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What Potential DAPA and Extended DACA Applicants Can Do Now

Mixed family
Carmen Cornejo
Written by Carmen Cornejo

The hopes and aspirations of a good segment of the undocumented immigrant population are in the hands of the Supreme Court now that the highest court in the United States has agreed to hear the case United States v. Texas.

This case has the temporary deferral of DAPA and DACA stuck in the judicial system after 25 conservative governors pushed back on what they argue is an excess use of presidential powers.

DAPA would offer relief from deportation and temporary work permits to undocumented parents of U.S. citizens or lawful permanent residents. The extended version of DACA in this case would offer deportation exemption and temporary work permits for undocumented immigrants who came as children to the U.S. but were left out of the initial DACA process by being older than 31 years on 6/15/12.

Immigrant rights advocates are confident the case will be solved in their favor since the executive branch has been given broad discretion and legal authority to act in diverse forms of administrative relief.

In addition, there is a list of past presidents – both Republicans and Democrats – who have successfully used forms of administrative relief on groups of immigrants.

The case will be decided by the end of June 2016.

Organizations that support undocumented immigrants suggest to those who may qualify for DAPA and extended DACA to be proactive and start preparing documentation. The ruling will come in the middle of the presidential campaigns, and there is a small window of opportunity to apply before the next president takes office. Thus, advocates will be urging people to apply in big numbers if the ruling is favorable, in case the next president is not friendly to the policy. “The more persons are signed to the process, the more difficult is to take it away,” they said.

The DAPA and extension of DACA processes will be similar to what the DREAMers have gone through since 2012, so we can offer some suggestions:

1. Save money. Currently the DACA application is $465, plus any additional costs like contracting a lawyer if your case presents complications. It is estimated that the application will be at least $465 and could cost more. Start saving!

2. Get ID documents. You will need to prove your identity with your home country documents: Look for passports, birth certificates and any government-issued ID.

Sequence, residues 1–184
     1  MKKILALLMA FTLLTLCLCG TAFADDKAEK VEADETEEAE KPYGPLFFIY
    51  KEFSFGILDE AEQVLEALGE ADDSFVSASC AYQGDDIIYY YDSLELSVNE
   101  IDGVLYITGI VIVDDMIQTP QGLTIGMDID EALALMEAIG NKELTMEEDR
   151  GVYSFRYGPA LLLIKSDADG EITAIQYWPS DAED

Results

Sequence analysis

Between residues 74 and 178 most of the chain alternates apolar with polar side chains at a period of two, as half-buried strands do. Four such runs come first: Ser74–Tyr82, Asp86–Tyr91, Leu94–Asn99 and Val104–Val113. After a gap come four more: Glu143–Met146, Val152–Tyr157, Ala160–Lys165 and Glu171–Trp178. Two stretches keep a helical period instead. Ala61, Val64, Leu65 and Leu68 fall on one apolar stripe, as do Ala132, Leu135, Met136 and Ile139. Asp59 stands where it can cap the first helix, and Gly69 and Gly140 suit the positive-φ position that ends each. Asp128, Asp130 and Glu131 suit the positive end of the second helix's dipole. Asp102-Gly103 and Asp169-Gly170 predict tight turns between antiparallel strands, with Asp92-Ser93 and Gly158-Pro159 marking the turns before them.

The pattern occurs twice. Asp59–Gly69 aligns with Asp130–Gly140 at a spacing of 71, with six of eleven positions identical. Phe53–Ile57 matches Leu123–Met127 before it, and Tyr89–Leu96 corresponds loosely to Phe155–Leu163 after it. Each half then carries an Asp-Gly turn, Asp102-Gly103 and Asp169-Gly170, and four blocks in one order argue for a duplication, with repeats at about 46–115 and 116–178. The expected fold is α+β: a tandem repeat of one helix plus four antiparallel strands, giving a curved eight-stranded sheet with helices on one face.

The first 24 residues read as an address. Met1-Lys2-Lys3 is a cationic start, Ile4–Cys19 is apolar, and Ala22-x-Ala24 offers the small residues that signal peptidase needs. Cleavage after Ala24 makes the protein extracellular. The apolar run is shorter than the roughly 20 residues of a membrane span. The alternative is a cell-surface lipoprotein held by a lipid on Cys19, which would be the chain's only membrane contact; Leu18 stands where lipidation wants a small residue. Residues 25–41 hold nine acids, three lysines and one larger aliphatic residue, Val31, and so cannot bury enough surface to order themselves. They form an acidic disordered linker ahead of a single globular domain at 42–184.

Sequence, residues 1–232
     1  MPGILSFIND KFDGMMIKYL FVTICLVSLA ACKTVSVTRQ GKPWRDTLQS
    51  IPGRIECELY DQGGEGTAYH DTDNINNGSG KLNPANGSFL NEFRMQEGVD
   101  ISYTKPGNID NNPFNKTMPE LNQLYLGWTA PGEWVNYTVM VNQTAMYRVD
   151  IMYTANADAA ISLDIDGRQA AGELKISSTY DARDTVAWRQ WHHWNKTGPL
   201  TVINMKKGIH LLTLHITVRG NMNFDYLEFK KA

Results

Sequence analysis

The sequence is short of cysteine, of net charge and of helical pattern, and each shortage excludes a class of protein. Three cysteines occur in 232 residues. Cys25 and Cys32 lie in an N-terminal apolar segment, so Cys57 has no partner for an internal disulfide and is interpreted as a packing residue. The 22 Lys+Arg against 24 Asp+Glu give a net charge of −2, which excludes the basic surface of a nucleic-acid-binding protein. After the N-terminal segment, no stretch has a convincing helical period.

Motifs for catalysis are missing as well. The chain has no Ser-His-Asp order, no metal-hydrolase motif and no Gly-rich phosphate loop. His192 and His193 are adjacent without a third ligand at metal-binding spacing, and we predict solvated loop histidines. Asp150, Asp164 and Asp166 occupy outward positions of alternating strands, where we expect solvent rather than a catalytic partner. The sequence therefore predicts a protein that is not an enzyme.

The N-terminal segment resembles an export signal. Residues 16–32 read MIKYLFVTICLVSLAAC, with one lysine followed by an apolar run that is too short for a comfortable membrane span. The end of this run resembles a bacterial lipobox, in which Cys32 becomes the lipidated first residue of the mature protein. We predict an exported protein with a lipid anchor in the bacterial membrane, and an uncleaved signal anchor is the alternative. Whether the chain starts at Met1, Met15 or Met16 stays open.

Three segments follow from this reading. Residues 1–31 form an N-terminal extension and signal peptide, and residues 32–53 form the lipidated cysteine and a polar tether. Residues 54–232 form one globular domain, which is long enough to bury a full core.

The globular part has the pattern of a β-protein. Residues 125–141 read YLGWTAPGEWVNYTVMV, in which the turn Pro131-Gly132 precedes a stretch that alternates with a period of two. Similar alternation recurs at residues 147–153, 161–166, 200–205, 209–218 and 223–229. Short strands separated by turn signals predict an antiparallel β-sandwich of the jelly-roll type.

3. For DAPA applicants, get documentation of your relationship with a U.S. citizen or permanent resident.

DAPA requires you to be the parent of a U.S. citizen or a child with a green card. Collect a) marriage certificates, b) your child’s U.S. passport, U.S. birth certificate, U.S. naturalization certificate or “green card.”

4. Collect proof of continuous presence in the U.S. Just as with the DACA process, you will need to demonstrate how long you have been in the U.S. through school records, rent payment receipts, assorted bills, passport stamps (if applicable), copies of money orders, bank transactions, or other documents.

5. Do you have criminal record? You will need to document arrests, court dispositions, proof of rehabilitation, etc. Expect a list of offenses that will make applicants ineligible when the process is defined. Collect your history and consult a good lawyer in case your record may be expunged. Be aware of notario fraud.”

6. Consult with an immigration attorney or a BIA-accredited representative from a reputable nonprofit if you have orders of deportation or you have been deported previously.

7. Follow the news, attend forums by immigrant rights organizations and be ready when the process is offered to applicants to review the proposed initiatives.

 

UPDATE: Weeks following the death of Supreme Court justice Antonin Scalia, the Supreme Court announced Friday 3/4/2016 that it will hear oral arguments in the case U.S. v Texas on Monday, April 18th.

Immigrant rights advocates are expressing confidence that the Supreme Court will allow President Obama’s executive action to proceed, giving the opportunity to 5 million of persons to apply for the extended version of Deferred Action for Childhood Arrivals (DACA) and a version for parents of legal residents and citizens of the USA (DAPA).